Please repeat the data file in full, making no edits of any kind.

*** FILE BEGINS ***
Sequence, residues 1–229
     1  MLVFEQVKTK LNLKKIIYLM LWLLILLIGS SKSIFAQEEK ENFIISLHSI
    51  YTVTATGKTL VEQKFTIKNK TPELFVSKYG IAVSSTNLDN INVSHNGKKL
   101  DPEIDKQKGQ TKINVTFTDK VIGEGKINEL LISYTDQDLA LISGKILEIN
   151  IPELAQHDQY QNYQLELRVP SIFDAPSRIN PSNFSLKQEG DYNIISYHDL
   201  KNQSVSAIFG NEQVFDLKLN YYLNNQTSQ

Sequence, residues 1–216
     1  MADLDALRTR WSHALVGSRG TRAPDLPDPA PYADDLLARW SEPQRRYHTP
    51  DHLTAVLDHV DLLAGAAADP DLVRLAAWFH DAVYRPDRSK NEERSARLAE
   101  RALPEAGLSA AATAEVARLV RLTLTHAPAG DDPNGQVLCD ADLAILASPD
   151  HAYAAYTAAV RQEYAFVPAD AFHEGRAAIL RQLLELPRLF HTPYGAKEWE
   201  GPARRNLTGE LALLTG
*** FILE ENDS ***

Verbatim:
Sequence, residues 1–229
     1  MLVFEQVKTK LNLKKIIYLM LWLLILLIGS SKSIFAQEEK ENFIISLHSI
    51  YTVTATGKTL VEQKFTIKNK TPELFVSKYG IAVSSTNLDN INVSHNGKKL
   101  DPEIDKQKGQ TKINVTFTDK VIGEGKINEL LISYTDQDLA LISGKILEIN
   151  IPELAQHDQY QNYQLELRVP SIFDAPSRIN PSNFSLKQEG DYNIISYHDL
   201  KNQSVSAIFG NEQVFDLKLN YYLNNQTSQ

Sequence, residues 1–216
     1  MADLDALRTR WSHALVGSRG TRAPDLPDPA PYADDLLARW SEPQRRYHTP
    51  DHLTAVLDHV DLLAGAAADP DLVRLAAWFH DAVYRPDRSK NEERSARLAE
   101  RALPEAGLSA AATAEVARLV RLTLTHAPAG DDPNGQVLCD ADLAILASPD
   151  HAYAAYTAAV RQEYAFVPAD AFHEGRAAIL RQLLELPRLF HTPYGAKEWE
   201  GPARRNLTGE LALLTG